Love your selfie: Event celebrates the uniqueness of women
Published 7:00 am Saturday, May 5, 2018
On April 28, the Rotary Club of Picayune hosted the “Love Your Selfie” event to celebrate the uniqueness of young women and build their self-confidence.
“Therefore encourage one another and build up each other, as in fact you are doing,” Thessalonians 5:11. Rotary Club of Picayune President Christy Goss said that passage from the Bible inspired her to organize an event to encourage young woman to find confidence and embrace their inner self.
The day-long event featured a number of speakers including Mississippi State Senator Angela Hill, Mississippi State Representative for District 108 Stacey Wilkes, nurse practitioner at Hattiesburg Clinic Krista Hodge, Dr. Treva Brown who is a chemist at the Naval Research Lab in Stennis Space Center and Picayune native Rashell Reese Dawsey.
Several young girls used the platform to share their personal experiences in trying to overcome difficult and challenging situations.
Macy Jarrell, a junior at Pearl River Central High School, spoke about her experience in overcoming cyber bullying.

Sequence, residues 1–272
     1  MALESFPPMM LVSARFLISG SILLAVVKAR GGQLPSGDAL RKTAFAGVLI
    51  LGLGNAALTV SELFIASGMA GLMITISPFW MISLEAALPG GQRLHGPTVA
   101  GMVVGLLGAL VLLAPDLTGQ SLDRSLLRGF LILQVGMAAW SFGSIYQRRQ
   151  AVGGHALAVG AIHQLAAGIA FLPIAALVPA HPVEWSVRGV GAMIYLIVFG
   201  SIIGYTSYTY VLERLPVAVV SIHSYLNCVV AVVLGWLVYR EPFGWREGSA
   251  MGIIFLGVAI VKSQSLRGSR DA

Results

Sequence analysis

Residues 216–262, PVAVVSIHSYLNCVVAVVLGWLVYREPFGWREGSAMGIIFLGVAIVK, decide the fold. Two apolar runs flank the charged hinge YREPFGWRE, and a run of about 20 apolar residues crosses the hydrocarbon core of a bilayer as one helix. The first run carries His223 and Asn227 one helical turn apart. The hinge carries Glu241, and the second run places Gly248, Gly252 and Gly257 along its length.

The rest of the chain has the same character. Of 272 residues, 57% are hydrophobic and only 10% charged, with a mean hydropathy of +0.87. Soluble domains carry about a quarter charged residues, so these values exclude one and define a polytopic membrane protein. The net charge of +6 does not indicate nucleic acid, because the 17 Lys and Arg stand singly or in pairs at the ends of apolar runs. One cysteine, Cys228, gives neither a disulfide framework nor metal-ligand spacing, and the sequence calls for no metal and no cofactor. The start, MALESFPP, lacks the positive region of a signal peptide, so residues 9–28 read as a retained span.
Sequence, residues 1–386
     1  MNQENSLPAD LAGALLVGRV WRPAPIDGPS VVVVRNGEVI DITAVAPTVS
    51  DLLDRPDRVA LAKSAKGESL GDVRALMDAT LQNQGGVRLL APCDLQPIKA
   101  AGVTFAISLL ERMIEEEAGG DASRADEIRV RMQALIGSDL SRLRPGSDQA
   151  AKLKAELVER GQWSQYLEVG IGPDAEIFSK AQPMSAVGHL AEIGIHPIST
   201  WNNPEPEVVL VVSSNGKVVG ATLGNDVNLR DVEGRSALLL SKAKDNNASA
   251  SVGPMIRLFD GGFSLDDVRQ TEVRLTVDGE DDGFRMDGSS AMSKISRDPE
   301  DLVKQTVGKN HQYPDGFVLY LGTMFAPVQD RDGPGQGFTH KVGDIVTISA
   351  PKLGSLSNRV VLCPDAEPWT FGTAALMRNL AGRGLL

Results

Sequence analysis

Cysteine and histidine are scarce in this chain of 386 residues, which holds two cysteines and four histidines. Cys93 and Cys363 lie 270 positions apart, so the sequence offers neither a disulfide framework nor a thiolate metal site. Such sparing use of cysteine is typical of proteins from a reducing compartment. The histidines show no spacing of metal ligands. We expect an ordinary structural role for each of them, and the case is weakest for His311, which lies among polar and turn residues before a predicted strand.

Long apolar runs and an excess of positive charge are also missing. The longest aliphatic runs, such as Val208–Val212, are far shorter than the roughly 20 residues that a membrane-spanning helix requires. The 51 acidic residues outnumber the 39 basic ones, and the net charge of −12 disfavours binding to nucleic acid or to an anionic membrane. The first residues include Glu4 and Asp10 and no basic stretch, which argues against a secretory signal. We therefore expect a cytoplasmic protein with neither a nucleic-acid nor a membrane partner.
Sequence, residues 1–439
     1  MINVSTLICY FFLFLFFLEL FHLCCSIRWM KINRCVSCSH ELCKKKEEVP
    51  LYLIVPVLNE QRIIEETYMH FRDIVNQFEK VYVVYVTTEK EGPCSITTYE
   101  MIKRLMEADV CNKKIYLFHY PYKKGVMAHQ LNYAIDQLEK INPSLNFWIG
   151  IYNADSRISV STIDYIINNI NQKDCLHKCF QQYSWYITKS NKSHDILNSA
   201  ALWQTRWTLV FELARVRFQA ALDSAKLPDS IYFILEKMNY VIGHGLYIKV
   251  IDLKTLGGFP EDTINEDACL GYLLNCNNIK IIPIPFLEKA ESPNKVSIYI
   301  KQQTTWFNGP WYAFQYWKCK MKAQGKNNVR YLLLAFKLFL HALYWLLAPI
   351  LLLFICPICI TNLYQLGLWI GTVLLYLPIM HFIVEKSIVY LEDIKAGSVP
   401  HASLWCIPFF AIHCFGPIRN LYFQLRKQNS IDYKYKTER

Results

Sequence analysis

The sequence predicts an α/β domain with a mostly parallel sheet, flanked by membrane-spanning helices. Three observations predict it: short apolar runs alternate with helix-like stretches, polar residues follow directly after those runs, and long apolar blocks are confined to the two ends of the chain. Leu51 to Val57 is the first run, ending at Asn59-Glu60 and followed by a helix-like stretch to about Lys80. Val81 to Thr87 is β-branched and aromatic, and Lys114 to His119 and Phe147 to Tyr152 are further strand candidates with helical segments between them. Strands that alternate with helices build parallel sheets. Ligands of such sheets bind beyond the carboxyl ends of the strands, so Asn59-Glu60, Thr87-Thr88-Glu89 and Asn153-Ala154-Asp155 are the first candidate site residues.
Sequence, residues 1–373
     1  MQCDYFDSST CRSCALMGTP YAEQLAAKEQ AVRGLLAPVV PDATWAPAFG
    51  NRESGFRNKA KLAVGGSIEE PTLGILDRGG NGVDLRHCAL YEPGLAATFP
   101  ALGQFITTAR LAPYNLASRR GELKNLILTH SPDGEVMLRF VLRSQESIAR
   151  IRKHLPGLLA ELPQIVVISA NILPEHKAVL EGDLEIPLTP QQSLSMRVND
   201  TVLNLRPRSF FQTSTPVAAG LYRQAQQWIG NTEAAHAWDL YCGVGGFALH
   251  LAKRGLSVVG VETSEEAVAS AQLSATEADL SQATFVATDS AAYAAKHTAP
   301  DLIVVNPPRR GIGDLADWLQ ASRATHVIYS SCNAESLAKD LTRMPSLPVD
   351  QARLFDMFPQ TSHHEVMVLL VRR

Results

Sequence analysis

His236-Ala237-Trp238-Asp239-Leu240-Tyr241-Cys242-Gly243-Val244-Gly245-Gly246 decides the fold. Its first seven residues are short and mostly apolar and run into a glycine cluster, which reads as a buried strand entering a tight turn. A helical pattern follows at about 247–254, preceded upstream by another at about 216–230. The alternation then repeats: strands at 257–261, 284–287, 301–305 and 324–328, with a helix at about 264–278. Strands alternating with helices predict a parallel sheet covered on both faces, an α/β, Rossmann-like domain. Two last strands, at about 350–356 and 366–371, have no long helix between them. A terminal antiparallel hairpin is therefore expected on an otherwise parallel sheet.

“I was frustrated and upset that I let it get to me,” Jarrell said.
During her time dealing with the crisis she started a group called “Joy Seekers” and a blog entitled “Be you be true” to let girls her age know they aren’t alone.
Jarrell said her devotion to God helped her overcome those obstacles and her embrace her true self.
“Cyber bullying shouldn’t take away your joy or make you a hostage,” she said. “…I’m beautiful and strong and won’t let social media take that away.”
Abby Guy, a senior at Our Lady Academy in Bay St. Louis, spoke about the challenges she faced when she was younger.
Guy said at a young age she was considered to be overweight and nerdy and as such was isolated by her peers.
The stereotype generated by her outward appearance motivated her to start a page called “Shattering Stereotypes” where she shares posts to empower those dealing with similar situations.
She said the page is a way that she can educate people to overlook the negative remarks stereotypes perpetuate and instead rely on God’s love to guide them.
“My stereotypes tried to limit me,” Guy said. “In reality I’m not my stereotypes and neither are you.”
At the end of the day, the keynote speaker took the stage to talk about self-love.
Chrissy Miller, founder of the D.I.V.A Collective, which stands for Daughters Of Integrity, Virtue And Accountability said every woman is a DIVA in her own right.
“It’s all about self-awareness, self-forgiveness and self-love,” Miller said.
Nobody should have the authority to dictate what another person is or needs to be, she said.
“We all should believe in ‘I’m enough, I’m fabulous, I’m purpose and I’m going places,’” she said.